Ex-US attorney says he considered 'taping' a call with Trump because his behavior was so 'inappropriate'

Ex-US attorney says he considered 'taping' a call with Trump because his behavior was so 'inappropriate'
MSNBC

Preet Bharara has become a staple of the contemporary political commentariat in the age of President Donald Trump, so it can easily be forgotten that he's not just a typical pundit — he was also at the center of one of the key controversies early in the administration, one that reverberates to this day.


That's because Bharara, then the U.S. attorney heading up the Southern District of New York, was initially asked to stay on in his role during Trump's transition. The president then later asked for Bharara's resignation, which he refused to give. Trump then fired him in dramatic fashion.

This has become even more significant over the last few years because the federal prosecutors out of SDNY are known to be investigating the president — and they have even implicated Trump in a campaign finance crime, for which his former attorney Michael Cohen has already pleaded guilty. It seems plausible that Trump feared the kind of investigations that might come out of SDNY, and he wanted to have an ally lead the office. And according to a new interview Bharara gave Tuesday to Ari Melber on MSNBC, Trump was already behaving inappropriately early on in his term.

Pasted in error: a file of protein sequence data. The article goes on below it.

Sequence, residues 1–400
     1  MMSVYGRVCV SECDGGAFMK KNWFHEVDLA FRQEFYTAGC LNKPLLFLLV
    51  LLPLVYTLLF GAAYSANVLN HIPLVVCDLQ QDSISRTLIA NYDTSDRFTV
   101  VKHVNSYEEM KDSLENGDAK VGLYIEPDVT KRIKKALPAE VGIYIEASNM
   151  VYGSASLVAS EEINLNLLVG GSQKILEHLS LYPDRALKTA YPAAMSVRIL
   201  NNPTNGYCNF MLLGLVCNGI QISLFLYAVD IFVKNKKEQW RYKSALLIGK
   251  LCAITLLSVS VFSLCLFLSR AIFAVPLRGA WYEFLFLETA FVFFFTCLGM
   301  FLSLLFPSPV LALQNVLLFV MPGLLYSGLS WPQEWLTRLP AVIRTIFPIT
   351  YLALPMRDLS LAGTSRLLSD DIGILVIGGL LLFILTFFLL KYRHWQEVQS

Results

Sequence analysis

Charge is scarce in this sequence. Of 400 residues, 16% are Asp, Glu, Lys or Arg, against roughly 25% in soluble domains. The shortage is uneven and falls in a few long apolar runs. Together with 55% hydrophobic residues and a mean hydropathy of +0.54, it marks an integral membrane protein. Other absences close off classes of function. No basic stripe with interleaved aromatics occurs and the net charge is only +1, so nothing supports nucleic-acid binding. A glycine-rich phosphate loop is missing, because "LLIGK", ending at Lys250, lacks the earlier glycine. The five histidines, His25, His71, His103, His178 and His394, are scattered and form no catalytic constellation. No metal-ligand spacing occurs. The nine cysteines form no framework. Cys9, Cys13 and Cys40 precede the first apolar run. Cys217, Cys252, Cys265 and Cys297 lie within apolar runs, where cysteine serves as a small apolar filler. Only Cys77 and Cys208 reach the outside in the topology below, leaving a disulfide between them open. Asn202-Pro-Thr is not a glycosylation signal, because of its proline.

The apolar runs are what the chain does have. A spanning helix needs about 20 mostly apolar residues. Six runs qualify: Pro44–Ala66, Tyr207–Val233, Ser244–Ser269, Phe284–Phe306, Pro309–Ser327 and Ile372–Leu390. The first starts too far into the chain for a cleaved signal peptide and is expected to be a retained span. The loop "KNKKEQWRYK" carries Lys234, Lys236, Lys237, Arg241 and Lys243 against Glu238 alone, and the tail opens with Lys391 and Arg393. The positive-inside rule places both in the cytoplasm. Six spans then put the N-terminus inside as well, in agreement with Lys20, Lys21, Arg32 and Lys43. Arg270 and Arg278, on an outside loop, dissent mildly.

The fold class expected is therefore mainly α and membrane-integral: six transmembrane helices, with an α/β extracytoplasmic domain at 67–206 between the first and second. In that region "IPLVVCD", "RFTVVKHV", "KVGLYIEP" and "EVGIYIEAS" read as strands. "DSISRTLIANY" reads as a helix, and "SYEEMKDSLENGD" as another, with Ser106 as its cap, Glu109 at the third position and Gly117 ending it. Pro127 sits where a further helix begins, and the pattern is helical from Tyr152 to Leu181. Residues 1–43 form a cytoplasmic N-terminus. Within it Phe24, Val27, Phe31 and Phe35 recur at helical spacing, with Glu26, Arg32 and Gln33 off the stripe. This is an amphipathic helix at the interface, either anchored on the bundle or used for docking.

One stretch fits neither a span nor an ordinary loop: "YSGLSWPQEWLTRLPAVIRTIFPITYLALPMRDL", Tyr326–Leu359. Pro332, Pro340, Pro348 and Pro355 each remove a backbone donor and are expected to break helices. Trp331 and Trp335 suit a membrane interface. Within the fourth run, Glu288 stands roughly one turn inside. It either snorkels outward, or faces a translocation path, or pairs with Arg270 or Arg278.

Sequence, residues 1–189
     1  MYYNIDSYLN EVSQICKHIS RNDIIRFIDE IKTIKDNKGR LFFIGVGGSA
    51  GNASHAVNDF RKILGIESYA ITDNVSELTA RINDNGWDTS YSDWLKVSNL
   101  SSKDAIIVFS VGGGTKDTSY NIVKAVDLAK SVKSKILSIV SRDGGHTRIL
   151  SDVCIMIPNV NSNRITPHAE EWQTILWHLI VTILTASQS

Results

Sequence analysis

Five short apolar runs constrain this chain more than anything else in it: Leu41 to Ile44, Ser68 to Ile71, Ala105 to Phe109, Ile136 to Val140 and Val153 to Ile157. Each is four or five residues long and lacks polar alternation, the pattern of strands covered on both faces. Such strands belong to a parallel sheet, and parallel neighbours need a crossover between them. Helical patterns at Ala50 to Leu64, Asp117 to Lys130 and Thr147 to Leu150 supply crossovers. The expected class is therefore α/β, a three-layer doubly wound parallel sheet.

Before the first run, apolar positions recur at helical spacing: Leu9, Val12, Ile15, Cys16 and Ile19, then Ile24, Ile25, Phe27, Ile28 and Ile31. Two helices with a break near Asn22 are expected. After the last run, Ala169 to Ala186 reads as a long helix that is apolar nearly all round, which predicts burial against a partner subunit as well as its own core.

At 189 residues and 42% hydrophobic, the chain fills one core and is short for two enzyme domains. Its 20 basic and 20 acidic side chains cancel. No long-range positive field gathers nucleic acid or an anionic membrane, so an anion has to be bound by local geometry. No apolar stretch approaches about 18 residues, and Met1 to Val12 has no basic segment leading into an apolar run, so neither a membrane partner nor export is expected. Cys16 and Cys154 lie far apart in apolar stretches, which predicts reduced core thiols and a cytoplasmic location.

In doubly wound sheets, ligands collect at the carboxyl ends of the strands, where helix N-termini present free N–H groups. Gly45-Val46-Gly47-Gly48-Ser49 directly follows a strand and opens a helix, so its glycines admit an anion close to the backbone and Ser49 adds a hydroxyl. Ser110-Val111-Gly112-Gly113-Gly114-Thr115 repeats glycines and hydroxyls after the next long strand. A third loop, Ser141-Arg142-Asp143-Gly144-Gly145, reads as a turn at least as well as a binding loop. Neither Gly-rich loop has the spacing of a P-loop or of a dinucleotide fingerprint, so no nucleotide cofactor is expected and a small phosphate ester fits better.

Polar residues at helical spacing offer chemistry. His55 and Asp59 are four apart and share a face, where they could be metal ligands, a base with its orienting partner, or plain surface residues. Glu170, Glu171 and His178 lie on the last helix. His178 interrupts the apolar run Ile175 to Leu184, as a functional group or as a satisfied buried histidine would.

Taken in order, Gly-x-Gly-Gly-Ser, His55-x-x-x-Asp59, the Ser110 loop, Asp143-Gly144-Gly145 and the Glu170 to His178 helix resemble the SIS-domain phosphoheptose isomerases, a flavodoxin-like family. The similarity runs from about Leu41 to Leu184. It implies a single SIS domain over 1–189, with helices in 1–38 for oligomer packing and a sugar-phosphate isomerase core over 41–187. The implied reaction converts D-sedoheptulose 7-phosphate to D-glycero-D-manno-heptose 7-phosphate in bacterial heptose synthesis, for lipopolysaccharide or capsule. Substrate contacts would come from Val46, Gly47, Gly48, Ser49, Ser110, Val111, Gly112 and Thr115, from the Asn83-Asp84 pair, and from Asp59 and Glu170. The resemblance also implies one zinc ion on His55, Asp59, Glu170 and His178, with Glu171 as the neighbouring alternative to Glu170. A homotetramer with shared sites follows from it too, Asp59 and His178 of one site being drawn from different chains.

So inappropriately, he revealed for the first time on Tuesday, that he and others in his office considered recording a phone conversation with Trump.

"I wanted to make sure, because I had a certain amount of mistrust, it was an odd phone call to be making," he explained. "It would be my word against his, if he decided to say something inappropriate, which I didn't necessarily know was going to happen."

He noted that past reports that Deputy Attorney General Rod Rosenstein has likewise considered recording conversations with the president seemed plausible to him.

"When you're used to seeing someone, you know, tell untruths about what happens in a conversation, and you care about your own integrity — I don't want anybody to say, 'You had some side conversation with the president of the United States.' So we didn't do that, ultimately — we thought it was a bridge too far," he said. "We talked about it for five minutes."

But he noted that just the president's desire, on its own, to want to talk to him as a sitting U.S. attorney, was "odd and inappropriate."

Watch the clip below:

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